The new year has me thinking about mandalas. Something about coming full circle, back to the beginning again. A mandala is a circle, a symbol of the universe. A Hindu or Buddhist mandala is a circle enclosing a square with a deity on each side that is used as an aid to meditation.
Some art therapists make mandala-making a primary part of their therapy practice. Although this is not true of me, I see a mandala as a representation of wholeness, and experience has shown me that creating mandalas can be very therapeutic. In spiritual traditions, mandalas may be used for focusing attention and establishing a sacred space. In therapy, creating a safe space is paramount, and focus and self-reflection are ongoing goals. With children that are very disorganized, that lack focus, that have difficulty containing themselves, a paper with a pre-drawn circle to work within can be very helpful. It creates a frame, a container, and the circle form surely contributes to a feeling of centeredness. According to Carl Jung, who wrote extensively about mandala symbolism, “The severe pattern imposed by a circular image of this kind compensates the disorder and confusion of the psychic state—namely, through the construction of a central point to which everything is related.”
An eight year-old girl came to see me weekly for art therapy. She and two younger siblings landed in foster care because their father used regular, severe corporal punishment as his primary teaching and discipline strategy. She struggled with severe anxiety, among other things, and each week when I greeted her, her brow was furrowed with worry. But she loved to make art, and found some safety in the sessions. She was easily engaged and lively, and enjoyed the looseness and playfulness of the art process. But experience had taught her to contain herself and to avoid messing up at all costs. So when she did allow herself to loosen up, she could only enjoy it for a little while before the anxiety came flooding back.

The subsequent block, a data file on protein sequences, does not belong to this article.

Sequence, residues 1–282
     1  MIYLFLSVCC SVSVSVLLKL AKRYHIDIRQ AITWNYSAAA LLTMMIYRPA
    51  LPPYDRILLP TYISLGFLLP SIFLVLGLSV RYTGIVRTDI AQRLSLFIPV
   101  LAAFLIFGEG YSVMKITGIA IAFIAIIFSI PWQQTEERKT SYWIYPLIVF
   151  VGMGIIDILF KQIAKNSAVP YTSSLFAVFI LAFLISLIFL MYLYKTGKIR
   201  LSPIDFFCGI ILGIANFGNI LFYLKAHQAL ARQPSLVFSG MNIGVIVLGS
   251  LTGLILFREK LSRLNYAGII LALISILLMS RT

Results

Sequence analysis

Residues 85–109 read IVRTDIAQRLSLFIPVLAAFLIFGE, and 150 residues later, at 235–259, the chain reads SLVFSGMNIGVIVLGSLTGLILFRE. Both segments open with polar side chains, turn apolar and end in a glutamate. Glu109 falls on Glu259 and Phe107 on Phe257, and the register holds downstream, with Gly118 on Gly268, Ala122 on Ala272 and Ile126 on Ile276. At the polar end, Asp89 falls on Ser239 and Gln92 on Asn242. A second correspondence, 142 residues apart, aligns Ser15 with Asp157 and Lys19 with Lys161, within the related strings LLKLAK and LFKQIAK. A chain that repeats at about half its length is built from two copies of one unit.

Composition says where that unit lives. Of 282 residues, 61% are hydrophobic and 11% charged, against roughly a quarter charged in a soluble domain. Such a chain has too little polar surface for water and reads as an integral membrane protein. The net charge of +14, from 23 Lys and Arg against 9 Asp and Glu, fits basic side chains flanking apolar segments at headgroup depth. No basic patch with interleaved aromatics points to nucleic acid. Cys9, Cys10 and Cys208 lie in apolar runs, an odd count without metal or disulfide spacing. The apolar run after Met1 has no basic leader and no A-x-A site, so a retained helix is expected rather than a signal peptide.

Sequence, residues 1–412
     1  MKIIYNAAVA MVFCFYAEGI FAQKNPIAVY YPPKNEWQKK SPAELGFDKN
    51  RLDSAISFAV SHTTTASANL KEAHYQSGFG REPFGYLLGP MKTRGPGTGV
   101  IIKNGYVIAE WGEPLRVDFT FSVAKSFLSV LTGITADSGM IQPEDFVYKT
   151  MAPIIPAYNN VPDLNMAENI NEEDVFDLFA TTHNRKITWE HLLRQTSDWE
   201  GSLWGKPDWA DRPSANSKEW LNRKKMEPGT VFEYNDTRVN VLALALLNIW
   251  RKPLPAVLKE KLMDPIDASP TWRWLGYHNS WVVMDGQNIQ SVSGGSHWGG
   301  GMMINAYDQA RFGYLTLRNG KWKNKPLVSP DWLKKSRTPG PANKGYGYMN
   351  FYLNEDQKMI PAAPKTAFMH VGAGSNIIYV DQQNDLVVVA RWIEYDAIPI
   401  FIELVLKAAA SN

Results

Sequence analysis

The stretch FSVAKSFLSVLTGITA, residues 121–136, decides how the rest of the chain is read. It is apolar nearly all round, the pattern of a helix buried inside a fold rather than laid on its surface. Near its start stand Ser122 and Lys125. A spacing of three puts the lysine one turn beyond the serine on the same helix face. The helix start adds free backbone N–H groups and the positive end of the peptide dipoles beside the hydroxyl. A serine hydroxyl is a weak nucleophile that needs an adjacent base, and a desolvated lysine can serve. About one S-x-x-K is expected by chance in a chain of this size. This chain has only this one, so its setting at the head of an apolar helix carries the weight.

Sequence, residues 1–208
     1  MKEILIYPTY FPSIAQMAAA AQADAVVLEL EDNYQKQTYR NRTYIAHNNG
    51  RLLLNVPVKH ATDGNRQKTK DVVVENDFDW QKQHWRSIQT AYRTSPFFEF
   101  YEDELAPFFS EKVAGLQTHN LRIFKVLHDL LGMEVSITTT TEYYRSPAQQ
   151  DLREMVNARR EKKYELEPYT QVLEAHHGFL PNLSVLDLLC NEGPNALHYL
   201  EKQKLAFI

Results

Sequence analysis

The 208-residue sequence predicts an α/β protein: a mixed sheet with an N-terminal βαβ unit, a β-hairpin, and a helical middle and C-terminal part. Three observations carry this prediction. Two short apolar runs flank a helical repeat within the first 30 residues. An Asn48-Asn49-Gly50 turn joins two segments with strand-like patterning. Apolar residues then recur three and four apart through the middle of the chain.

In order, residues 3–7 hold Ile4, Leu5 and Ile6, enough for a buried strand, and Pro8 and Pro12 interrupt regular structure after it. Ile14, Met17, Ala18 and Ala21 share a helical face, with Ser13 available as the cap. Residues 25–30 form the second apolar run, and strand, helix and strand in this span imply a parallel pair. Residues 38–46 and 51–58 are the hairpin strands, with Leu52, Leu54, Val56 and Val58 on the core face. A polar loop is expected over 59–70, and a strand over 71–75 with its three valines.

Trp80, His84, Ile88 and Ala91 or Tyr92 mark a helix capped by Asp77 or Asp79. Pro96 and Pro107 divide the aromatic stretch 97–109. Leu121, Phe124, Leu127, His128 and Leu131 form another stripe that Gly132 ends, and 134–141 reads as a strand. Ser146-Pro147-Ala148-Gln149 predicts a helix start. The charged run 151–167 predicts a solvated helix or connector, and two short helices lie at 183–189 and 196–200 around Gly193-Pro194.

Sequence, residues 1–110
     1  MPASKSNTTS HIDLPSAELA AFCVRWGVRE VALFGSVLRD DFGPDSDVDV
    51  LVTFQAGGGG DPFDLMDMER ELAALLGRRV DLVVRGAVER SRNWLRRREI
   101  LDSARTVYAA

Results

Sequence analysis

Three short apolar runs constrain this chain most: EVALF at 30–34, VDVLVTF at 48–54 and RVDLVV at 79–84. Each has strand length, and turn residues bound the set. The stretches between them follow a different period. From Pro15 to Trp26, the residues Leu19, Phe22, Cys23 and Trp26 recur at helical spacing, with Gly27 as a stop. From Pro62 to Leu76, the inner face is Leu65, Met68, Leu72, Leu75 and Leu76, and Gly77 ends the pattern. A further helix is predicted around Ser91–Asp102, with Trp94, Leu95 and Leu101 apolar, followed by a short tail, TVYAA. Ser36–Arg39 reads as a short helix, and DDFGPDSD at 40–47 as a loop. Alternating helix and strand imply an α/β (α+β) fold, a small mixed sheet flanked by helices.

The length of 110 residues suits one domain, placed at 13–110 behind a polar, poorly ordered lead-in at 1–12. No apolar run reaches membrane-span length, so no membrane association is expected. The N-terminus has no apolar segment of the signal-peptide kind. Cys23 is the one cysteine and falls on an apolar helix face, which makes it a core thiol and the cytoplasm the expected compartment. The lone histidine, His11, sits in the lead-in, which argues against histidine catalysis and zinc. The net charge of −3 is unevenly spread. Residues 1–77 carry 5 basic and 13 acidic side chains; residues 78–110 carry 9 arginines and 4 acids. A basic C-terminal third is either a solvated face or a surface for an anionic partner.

In a memorable session, we spent 50 minutes blowing colored feathers into the air (her idea) with a hair dryer (my idea). After we had spent some time on this playful, silly, fun activity, I became aware that she was becoming anxious. This surfaced in the form of a kind of forced jocularity, a change from fun silly to nervous silly. And I knew that giving her a way to contain her anxiety (Jung’s “disorder and confusion of the psychic state”) was very important. So we brought things down to earth and made this mandala (Jung’s “construction of a central point to which everything is related”).
This time lapse video of Tibetan lamas creating a sacred sand mandala is fascinating to watch. It is over 15 minutes long and spans a four-day process. It’s a slow start, but if you can stick with it, I think you will find that the simple observation of the amazing process is a meditation, and the magnificence of what emerges over time is a revelation. For those who are not Tibetan sand mandala-savvy, there’s a surprise ending.